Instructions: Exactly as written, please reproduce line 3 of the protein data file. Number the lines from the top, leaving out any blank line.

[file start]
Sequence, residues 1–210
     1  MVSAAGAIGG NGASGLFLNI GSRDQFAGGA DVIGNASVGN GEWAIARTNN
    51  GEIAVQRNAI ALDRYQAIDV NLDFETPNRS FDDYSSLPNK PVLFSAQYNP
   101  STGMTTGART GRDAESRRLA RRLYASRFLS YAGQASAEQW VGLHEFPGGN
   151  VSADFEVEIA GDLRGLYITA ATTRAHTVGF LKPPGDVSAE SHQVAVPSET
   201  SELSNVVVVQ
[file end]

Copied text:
    51  GEIAVQRNAI ALDRYQAIDV NLDFETPNRS FDDYSSLPNK PVLFSAQYNP